Pop

Everything Normani Got Right On Her New Single, ‘Motivation’

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The transition from member of a beloved pop group to solo career is notoriously tricky, but Normani is handling it just fine. On her new single, “Motivation,” which is arguably her first real solo release — since all of her other new music featured collaborations with other artists — the still-emerging pop star proves that she knows how and when to drop a career-defining hit, even if hers is still just getting started.

After the somewhat dramatic dissolution of Fifth Harmony — sorry, Camila knew what she was worth — it was clear that the other girls would be embarking on their own solo careers, and none of these endeavors was more anticipated than Normani. While Camila may have been the first to leave, and is one of the most beloved and obviously talented Harmonizers, Normani’s quiet determination spoke volumes.

Not just a powerhouse singer but also an incredible dancer — she was even a finalist on Dancing With The Stars in 2017 — the Atlanta-born, New Orleans-raised artist relocated to Houston in the aftermath of Hurricane Katrina in 2005, citing the fact that it was Beyonce’s hometown as a major factor that impacted that decision. Whether it was nature or nurture, elements of all three of these powerhouse musical epicenters have made their way into Normani’s skillful blend of hip-hop, pop, R&B and dance is showcased to a T on “Motivation.” There are so many things this song and video release got right that it’s almost hard to count them.

The first great strategic element of “Motivation” is that it moves Normani even farther away from her past as a Harmonizer, and aligns her more directly with Ariana Grande, who is arguably the most powerful force in pop right now (or in the middle of her imperial phase, if you will). Ariana co-wrote the song, which is her first time writing a song for another artist, as Joan Grande so generously and excitedly pointed out on Twitter when the track dropped last week.

After opening for a leg of Grande’s massively popular Sweetener tour, Normani’s name recognition definitely went up in the pop world, and releasing a single that creates more of a connection between the two is a genius marketing move. But it’s also a genius musical move, too, because the song fits neatly into the lane of deeply rhythmic and super melodic pop that Ari has been scoring hits off this year, and a promising start on another chart hit for Normani. And even if she sings and performs the song on her own, unlike her previous collaborations with Khalid and Sam Smith, Grande’s co-write almost functions as another guest on the song.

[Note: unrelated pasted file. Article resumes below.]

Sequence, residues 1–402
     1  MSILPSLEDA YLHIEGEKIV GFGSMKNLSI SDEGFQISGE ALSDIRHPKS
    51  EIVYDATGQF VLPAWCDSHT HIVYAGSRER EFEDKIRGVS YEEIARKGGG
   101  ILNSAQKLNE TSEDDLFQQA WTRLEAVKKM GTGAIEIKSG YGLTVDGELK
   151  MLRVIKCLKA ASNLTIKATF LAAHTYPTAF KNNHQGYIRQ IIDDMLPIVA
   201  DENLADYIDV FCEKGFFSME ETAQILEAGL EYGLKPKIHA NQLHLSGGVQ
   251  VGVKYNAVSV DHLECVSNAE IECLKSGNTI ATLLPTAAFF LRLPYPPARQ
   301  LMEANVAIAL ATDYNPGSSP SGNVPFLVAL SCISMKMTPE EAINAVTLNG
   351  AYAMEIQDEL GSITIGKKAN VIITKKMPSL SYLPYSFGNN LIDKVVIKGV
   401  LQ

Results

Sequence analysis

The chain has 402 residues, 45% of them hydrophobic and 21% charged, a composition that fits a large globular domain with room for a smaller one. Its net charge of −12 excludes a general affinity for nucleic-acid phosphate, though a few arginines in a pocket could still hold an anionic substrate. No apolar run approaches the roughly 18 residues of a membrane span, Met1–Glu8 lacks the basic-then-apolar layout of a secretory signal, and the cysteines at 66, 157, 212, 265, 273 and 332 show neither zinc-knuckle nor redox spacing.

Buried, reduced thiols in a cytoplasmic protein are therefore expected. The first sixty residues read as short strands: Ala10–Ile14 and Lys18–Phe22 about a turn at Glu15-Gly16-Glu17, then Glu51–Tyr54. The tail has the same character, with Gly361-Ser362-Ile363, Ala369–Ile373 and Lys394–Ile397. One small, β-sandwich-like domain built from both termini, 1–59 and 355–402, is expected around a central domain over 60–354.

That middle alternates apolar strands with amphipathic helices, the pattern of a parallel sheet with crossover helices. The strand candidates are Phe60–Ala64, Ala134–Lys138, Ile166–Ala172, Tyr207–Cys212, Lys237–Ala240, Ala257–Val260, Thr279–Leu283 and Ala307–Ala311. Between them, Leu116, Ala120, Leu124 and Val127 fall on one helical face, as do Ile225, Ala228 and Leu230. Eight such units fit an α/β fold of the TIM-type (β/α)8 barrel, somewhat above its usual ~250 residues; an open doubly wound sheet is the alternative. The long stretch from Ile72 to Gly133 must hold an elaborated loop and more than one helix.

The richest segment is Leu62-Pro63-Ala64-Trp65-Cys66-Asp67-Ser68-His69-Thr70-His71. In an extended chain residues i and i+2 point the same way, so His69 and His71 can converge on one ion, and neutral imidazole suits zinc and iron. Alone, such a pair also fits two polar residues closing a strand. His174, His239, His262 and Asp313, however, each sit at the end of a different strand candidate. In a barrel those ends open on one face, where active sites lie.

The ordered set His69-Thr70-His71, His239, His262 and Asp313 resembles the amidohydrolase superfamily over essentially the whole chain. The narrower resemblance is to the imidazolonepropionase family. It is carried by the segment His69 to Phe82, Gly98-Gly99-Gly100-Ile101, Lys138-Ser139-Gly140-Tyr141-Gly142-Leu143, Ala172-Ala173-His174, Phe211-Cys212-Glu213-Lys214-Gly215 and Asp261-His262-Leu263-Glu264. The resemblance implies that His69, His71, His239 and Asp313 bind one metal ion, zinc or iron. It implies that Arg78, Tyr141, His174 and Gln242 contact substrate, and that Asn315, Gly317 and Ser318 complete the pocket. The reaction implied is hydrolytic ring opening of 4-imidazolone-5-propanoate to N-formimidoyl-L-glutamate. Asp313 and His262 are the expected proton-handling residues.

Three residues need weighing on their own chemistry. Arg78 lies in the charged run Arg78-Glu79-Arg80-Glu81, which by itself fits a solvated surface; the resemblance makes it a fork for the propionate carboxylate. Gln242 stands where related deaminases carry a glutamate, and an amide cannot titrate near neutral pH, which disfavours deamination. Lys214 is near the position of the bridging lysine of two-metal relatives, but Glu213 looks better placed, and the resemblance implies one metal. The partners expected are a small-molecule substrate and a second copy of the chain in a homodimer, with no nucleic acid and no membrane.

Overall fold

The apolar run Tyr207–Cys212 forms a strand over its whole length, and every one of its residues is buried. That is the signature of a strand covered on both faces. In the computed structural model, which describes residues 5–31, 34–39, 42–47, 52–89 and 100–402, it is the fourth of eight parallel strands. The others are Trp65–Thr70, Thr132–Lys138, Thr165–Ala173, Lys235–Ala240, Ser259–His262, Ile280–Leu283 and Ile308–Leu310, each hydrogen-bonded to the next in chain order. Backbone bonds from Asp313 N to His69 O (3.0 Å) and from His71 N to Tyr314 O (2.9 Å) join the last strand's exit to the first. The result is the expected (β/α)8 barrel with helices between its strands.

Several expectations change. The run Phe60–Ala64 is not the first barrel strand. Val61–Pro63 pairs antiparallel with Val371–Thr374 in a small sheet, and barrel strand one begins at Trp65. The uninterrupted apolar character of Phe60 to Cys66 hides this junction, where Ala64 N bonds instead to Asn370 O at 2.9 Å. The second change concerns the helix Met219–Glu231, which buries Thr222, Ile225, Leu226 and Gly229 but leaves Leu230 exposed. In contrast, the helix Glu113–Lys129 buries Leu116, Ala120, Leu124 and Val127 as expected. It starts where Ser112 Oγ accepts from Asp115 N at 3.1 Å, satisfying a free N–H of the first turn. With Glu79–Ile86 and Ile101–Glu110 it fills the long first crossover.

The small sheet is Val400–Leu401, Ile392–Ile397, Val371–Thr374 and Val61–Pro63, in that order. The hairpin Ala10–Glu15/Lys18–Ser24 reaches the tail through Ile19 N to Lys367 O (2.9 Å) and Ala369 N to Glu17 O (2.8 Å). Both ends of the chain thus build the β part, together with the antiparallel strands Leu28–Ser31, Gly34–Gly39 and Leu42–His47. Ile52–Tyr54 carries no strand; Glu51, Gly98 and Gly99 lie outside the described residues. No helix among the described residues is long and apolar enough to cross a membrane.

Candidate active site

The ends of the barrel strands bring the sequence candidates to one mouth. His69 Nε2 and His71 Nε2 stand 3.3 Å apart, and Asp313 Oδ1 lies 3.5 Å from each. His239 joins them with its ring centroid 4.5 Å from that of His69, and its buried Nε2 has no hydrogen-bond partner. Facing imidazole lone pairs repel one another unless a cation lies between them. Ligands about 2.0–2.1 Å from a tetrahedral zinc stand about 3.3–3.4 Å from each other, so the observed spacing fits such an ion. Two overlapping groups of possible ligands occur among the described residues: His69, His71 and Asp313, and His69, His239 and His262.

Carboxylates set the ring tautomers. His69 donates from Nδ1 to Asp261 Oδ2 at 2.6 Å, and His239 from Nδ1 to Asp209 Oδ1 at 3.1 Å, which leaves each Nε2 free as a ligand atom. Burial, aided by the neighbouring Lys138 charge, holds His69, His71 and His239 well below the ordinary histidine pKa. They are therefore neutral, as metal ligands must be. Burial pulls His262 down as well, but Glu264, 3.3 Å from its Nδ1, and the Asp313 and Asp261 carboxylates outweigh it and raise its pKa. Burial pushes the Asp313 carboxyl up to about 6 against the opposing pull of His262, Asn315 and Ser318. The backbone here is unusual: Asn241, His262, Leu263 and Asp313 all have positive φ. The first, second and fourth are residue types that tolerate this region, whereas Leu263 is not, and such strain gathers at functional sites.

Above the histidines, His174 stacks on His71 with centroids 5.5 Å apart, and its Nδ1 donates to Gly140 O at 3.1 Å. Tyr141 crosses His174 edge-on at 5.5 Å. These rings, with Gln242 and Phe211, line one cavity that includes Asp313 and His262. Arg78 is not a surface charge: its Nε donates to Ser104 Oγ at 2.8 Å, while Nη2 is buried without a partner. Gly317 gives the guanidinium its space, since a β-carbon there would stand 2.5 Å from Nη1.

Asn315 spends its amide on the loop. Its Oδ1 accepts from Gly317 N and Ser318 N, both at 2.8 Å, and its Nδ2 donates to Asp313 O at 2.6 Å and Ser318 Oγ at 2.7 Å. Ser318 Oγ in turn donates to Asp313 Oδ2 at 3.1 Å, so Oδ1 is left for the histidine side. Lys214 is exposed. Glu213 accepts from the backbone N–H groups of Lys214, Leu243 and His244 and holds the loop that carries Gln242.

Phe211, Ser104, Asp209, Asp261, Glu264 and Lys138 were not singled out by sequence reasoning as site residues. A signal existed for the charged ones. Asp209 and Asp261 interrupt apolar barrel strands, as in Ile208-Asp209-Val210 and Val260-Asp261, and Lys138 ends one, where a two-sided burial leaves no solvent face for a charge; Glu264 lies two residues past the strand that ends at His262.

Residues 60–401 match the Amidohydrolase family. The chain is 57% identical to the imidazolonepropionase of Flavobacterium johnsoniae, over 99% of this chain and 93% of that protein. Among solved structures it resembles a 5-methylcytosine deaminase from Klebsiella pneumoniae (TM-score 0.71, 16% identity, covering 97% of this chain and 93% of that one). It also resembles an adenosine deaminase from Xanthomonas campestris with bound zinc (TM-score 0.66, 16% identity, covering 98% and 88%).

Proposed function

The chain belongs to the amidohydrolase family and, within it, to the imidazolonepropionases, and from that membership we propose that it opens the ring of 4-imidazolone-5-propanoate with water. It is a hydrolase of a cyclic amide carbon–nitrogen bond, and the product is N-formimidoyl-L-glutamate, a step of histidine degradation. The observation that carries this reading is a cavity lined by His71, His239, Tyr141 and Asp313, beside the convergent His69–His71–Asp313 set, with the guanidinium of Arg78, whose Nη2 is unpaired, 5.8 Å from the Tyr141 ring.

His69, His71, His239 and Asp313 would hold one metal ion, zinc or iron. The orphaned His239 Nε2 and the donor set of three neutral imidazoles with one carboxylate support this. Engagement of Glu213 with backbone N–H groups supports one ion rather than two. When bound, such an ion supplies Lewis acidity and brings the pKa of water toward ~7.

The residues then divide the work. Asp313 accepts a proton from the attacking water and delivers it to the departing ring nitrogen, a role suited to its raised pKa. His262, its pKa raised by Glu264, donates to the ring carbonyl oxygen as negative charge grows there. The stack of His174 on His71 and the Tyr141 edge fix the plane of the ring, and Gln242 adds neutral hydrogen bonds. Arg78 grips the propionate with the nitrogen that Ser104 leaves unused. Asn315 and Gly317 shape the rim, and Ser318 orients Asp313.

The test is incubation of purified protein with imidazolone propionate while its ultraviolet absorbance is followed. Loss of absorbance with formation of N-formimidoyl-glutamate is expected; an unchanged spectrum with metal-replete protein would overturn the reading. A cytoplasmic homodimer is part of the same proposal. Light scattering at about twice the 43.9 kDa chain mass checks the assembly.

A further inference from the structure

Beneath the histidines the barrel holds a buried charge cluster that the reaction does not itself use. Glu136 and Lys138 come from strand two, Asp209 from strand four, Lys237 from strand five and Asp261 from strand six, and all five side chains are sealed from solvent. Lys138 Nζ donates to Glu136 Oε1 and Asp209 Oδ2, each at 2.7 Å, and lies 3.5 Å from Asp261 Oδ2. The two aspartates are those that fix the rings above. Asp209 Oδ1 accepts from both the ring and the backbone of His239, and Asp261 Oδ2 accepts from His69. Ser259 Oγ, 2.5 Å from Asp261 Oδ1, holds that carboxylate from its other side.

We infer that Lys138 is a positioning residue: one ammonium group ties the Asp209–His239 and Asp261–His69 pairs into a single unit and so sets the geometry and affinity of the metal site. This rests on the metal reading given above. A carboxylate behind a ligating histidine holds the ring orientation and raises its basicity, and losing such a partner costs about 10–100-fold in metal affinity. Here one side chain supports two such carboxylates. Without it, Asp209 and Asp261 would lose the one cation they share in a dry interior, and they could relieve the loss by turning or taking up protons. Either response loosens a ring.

Aside from the sonics, the music video accompanying the track is another huge part of its successful launch. In a video directed by Dave Meyers, who has worked with everyone from Kendrick Lamar to Taylor Swift to Billie Eilish to Travis Scott, the clip plays into the rising nostalgia for 2000s pop, while also bringing it squarely into the present moment. The swaggering, effortless street dancing that Normani and her all-Black crew engage in throughout the clip is preceded by her past, younger self watching 106 & Park, and daydreaming of making a video worthy of the show. This creates the perfect tie-in for a video geared toward nostalgia, while also emphasizing the importance of representation.

Plenty of artists are drawn to shoot music videos in areas of LA that are known for their history in hip-hop or as important areas for urban culture, but a lot of those visuals transport white artists into these predominantly Black and Brown neighborhoods — Ariana herself faced scrutiny for the pink “trap house” in her “7 Rings” video, populated with girls decked out in glitter. As someone who dealt with displacement from her home because of flooding that predominantly affected Black Americans and those in lower-income areas in New Orleans, Normani’s decision to shoot a video in these spaces feels like an homage to her own past. Another final, clear nod to New Orleans is the element of brass, not just in the song, but the players featured at the end of the video performing in the rain, which include Nola’s own Trombone Shorty himself.

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